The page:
Notre Dame honored Casasanta at the 1932 Commencement Exercises. Deeply touched by the honor, Casasanta wrote his appreciation to University President Charles O’Donnell and said in part, “Whatever I have done, I owe all to Notre Dame. She has always been and will always be the source of all my inspiration, love, and joy” [UPCO 1/77, June 15, 1932]. Casasanta passed away in December of 1968, but his music has become an indelible part of Notre Dame’s identity and has endured throughout generations.
Notre Dame celebrates 40 years of coeducation this fall. While the undergraduate women who arrived in 1972 were the first class to matriculate in the regular academic year, women had been earning bachelors’, masters’, and doctorate degrees since 1917 through the Summer School Program. One of those women gained a bit of fame during World War II because she was an unlikely aviatrix and aeronautical expert.
Sister Mary Aquinas Kinskey, OSF, earned a bachelor’s degree from Catholic University in 1926. She became a teacher and her interest in aviation stemmed from the enthusiasm for the subject from her students. In order to best teach her students, she wished to learn as much about the subject as possible. In 1942, she earned a Master of Science in Physics cum laude from the University of Notre Dame. Her dissertation was entitled “Electron Projection Study of the Deposition of Thorium on Tantalum.” Wanting hands-on aviation experience, Sister Mary Aquinas learned to fly in 1943.
That summer, she taught aviation at Catholic University and was involved in training through the Civil Aeronautics Authority. Below is an announcement regarding Sister Mary Aquinas’ activities published in Scholastic, October 1, 1943:
One of Notre Dame’s religious alumnae who is doing her part in the War effort is Sister Mary Aquinas, the “flying nun.” Sister Mary Aquinas, who received her master’s degree in physics from the University, is an educational adviser to the C.A.A. in Washington. Her aeronautics course at the Catholic University of America is one of the first, if not the first, sequence of such courses for Teacher Training in universities during the summer sessions. The Sister, who believes in practicing what she teaches, is a flier. She often takes her classes on inspection and demonstration tours through aircraft factories and airports. Her group of black-hooded nuns are a familiar sight in these places.
In 1957, “the Air Force Association gave her a citation for her ‘outstanding contributions’ to the nation’s security and world peace” [“No Glamor Girl”]. As part of the honor, Sister Mary Aquinas had the opportunity to fly in a T-33 jet trainer and take the control for much of the flight, making her the first nun to fly a jet.
Ever the entrepreneur and marketing guru, Athletic Director Knute Rockne organized a six-week European tour with a stop over to watch the Track and Field events at the 1928 Olympic Games in Amsterdam. He recruited friends, colleagues, and former Notre Dame athletes across the country to act as representatives to sell the tour within their social and professional circles and to the general public. Many of these representatives held positions as coaches and athletic directors at colleges, high schools, and local athletic clubs.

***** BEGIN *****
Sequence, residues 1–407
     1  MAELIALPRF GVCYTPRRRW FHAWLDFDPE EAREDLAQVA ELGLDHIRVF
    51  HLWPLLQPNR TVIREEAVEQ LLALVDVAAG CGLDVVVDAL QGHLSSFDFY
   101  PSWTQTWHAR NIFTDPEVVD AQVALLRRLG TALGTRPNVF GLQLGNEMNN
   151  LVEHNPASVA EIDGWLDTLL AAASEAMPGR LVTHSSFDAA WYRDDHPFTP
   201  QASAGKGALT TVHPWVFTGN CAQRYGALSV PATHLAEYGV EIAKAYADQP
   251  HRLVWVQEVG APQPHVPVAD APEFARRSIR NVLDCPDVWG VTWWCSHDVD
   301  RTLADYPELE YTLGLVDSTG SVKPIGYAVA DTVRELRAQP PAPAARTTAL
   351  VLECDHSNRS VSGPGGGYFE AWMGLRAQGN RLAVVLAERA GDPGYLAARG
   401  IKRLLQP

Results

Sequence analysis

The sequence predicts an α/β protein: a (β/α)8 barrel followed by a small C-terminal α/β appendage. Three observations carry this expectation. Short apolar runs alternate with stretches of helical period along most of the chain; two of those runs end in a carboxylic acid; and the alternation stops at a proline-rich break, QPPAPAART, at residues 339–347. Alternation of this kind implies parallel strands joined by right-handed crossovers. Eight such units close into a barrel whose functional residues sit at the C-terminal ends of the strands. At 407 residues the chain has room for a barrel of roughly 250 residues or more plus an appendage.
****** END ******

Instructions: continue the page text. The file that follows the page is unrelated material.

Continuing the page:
According the Pittsburgh Post-Gazette, “The Rockne pilgrimage is expected to be the largest tour ever conducted by an individual to the continent, and it is the first time that an individual has arranged for the use of a boat of such great tonnage as the Carmania for a trip to the old world” [“Rockne to Conduct Olympic Tour,” January 30, 1928].
The nearly 200 participants were made up of Rockne’s friends and colleagues, including the likes of Pop Warner, Harry Stuhldreher, and Tom Lieb, college students, single men and women, and families. The party departed New York City on July 20, 1928, and returned on September 2nd. During the six-week summer trip, they visited England, Holland, Italy, Germany, Switzerland, and France. Due to the success of the 1928 trip, it is likely that Rockne would have organized future Olympic excursions had he not met his untimely end on March 31, 1931.
On the night of February 15, 1898, the USS Maine exploded and sank in the Havana, Cuba, harbor. Tensions between the United States and Spain over the fate of Cuba led many to believe that Spain was behind the sinking of the Maine. While multiple investigations have been unable to definitively identify the culprit, “Remember the Maine! To hell with Spain!” became a rallying cry that helped to launch the Spanish-American War. The Maine suffered 266 fatalities and most of the 94 survivors sustained some kind of causality. Among the fatalities was John Henry Shillington, yeoman, third class.
John Shillington of Chicago was a popular student at Notre Dame who was involved in many campus activities, including theater and athletics. He played varsity baseball and was captain of the 1897 basketball team. Rumor has it that Shillington was expelled for not returning to South Bend with the baseball team after playing at the University of Chicago in May 1897. He then joined the Navy and ended up on the doomed Maine.
The February 19, 1898 issue of Scholastic reported on the death of their friend:
“John H. Shillington was of a nature which won him many friends, and when, last year, it was deemed necessary for him to sever his connection with the University he went away with the best wishes of all his friends and of all his professors. He was a manly boy, and he did not complain. ‘I often think of Notre Dame,’ he wrote to a friend from the ill-fated Maine. ‘I can picture her daily, and in my reminiscences of her a tear is often brushed away . . . . I suppose ‘Shilly’ is forgotten by people at the old college, and I don’t blame them. Though forgotten, I shall always hold Notre Dame near and dear to me.’
“No; ‘Shilly’ is not forgotten at Notre Dame, but remembered with affection and mourned with sincere grief. He shall have a share in the prayers of students and professors who will not fail in the only service which friendship can now render him. God rest his soul!”
On Memorial Day 1915, a monument was dedication in the honor of Shillington just north of Science Hall (LaFortune Hall). The Secretary of the United States Navy Josephus Daniels gave an address at the dedication and much fanfare surrounded the event. The monument consists of a shell from the Maine on a base of red Wisconsin granite.
Between 1925 and 1930, the monument was moved closer to the Bronson Hall wing of Main Building. Many students had since forgotten Shillington or knew anything about the reason for the memorial. In 1930, Scholastic reported that the Brownson Hall residents had taken to calling the monument “The Bullet,” as do some students even today. The Shillington Memorial was moved further into obscurity to the south side of the Joyce Center near Gate 8 in 1989. The Shillington Monument finally found a prominent home on the south side of the ROTC Pasquerilla Center in the 2000s.